Tajh Boyd's Exit from Clemson's Win Shouldn't Impact Heisman Chances

Joseph ZuckerFeatured ColumnistSeptember 7, 2013

CLEMSON, SC - SEPTEMBER 7: Tajh Boyd #10 of the Clemson Tigers calls a play during the game against the South Carolina State Bulldogs at Memorial Stadium on September 7, 2013 in Clemson, South Carolina. (Photo by Tyler Smith/Getty Images)
Tyler Smith/Getty Images

Tajh Boyd might have left Clemson's lopsided 52-13 win over South Carolina State early, but that shouldn't see him unseated as the top guy in the Heisman Trophy race.

In the second quarter of Tigers' demolition of the Bulldogs, Boyd was forced off to the sidelines. Any time a star player has to exit a game, it causes a scare. According to Clemson, though, Boyd merely had the wind knocked out of him.

Up to that point, the senior signal-caller had racked up 169 yards on 14-of-23 passing and got a rushing touchdown. He helped Clemson to a 24-7 lead.

Some critics might look at those numbers as underwhelming, especially against an FCS team. However, if Dabo Swinney needed Boyd out there, he would have put him in. Instead, Cole Stoudt came in and was able to pick up right where Boyd left off.

There's no sense in risking your starting quarterback to further injury if you can win comfortably without him.

ESPN's Heisman Watch had the Clemson QB at the top of the list coming into the weekend, and there was very little to indicate that he's no longer the best candidate.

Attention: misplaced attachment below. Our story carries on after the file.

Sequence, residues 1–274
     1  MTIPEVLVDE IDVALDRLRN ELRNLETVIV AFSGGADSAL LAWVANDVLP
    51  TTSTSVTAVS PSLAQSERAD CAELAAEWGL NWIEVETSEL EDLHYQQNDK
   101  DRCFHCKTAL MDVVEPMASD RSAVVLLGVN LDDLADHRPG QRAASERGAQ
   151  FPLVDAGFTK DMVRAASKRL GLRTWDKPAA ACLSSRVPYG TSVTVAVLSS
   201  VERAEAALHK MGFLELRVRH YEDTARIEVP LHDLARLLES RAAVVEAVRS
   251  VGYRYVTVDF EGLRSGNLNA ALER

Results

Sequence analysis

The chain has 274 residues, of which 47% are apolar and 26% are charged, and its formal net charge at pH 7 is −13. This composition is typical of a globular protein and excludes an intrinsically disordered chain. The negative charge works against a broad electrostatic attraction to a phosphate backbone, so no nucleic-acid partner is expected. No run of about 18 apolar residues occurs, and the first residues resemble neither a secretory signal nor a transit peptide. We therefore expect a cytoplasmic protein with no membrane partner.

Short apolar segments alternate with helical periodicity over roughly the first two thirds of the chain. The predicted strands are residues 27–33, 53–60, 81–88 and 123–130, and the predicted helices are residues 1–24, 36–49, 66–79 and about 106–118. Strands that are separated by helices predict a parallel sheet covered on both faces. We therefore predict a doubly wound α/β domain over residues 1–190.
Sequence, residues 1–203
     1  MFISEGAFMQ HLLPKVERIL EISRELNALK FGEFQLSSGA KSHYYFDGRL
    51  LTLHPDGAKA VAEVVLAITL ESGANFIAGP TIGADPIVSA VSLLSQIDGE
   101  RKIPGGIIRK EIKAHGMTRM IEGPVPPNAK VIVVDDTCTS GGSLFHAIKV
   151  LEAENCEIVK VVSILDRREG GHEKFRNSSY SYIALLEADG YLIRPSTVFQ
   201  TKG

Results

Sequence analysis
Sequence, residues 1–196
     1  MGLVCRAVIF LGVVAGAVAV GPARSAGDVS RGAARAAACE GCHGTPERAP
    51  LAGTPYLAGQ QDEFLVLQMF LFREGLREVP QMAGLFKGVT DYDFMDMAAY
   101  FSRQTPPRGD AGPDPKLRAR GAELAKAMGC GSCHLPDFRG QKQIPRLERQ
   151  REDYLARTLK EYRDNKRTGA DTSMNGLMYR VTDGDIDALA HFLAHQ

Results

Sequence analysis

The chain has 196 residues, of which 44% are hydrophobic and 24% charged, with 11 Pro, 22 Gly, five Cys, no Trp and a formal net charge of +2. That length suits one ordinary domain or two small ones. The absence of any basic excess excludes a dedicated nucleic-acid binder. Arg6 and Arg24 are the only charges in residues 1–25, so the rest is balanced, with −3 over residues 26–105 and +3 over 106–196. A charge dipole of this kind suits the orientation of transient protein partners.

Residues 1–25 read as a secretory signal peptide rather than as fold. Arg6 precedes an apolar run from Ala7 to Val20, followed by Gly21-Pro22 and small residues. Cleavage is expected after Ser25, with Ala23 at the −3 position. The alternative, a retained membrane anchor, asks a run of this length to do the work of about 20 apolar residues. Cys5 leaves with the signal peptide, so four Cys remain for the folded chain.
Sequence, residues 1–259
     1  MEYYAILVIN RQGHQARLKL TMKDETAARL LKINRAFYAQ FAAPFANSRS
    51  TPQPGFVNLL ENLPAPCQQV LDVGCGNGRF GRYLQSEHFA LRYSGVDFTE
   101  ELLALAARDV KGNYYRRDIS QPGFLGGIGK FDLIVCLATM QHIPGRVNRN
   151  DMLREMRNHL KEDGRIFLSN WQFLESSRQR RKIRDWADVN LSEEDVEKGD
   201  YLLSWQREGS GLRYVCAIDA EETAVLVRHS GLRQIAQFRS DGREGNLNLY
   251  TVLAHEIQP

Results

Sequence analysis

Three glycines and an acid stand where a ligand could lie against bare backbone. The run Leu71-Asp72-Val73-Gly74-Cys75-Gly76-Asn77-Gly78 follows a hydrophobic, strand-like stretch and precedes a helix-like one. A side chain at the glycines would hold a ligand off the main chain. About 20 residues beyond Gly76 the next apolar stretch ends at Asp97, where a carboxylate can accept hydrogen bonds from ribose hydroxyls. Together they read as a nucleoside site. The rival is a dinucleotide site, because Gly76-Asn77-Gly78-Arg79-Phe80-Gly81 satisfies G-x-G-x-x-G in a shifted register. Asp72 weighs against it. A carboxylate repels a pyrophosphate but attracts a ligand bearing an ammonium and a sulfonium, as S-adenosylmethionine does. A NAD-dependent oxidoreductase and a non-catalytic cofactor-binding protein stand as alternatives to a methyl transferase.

When it comes to games like these, you can't really swing a Heisman race one way or the other. The yards are essentially empty, so throwing for an efficient 169 yards is the same as going for 500 yards and five touchdowns.

As long as Boyd didn't throw six interceptions, he's all good. Even a poor performance could be overshadowed by a big win over a ranked team.

Johnny Manziel completed 15-of-20 passes for 174 yards and three touchdowns against South Carolina State. He also had 78 yards and two touchdowns on the ground. Those aren't stellar numbers, and yet they didn't stop him from winning the Heisman.

Teddy Bridgewater is probably second in the Heisman race right now, and he torched another FCS team, too. Are 397 yards and four touchdowns against Eastern Kentucky really that much better than Boyd's numbers, when both numbers came against FCS teams?

If you really want to compare the two, you have to look at their Week 1 wins.

Boyd put up 270 pass yards and five total touchdowns against the Georgia Bulldogs, while Bridgewater was lighting up the Ohio Bobcats to the tune of 355 yards passing and five touchdowns. It was a signature win for the Tigers, while Louisville was coasting past a MAC team.

When you try to think of Heisman moments, you don't look to a player's performance against a non-BCS school. You look to any of Boyd's five touchdowns against Georgia and his tremendous game management.

That's the kind of game where Heisman Trophies are won and lost.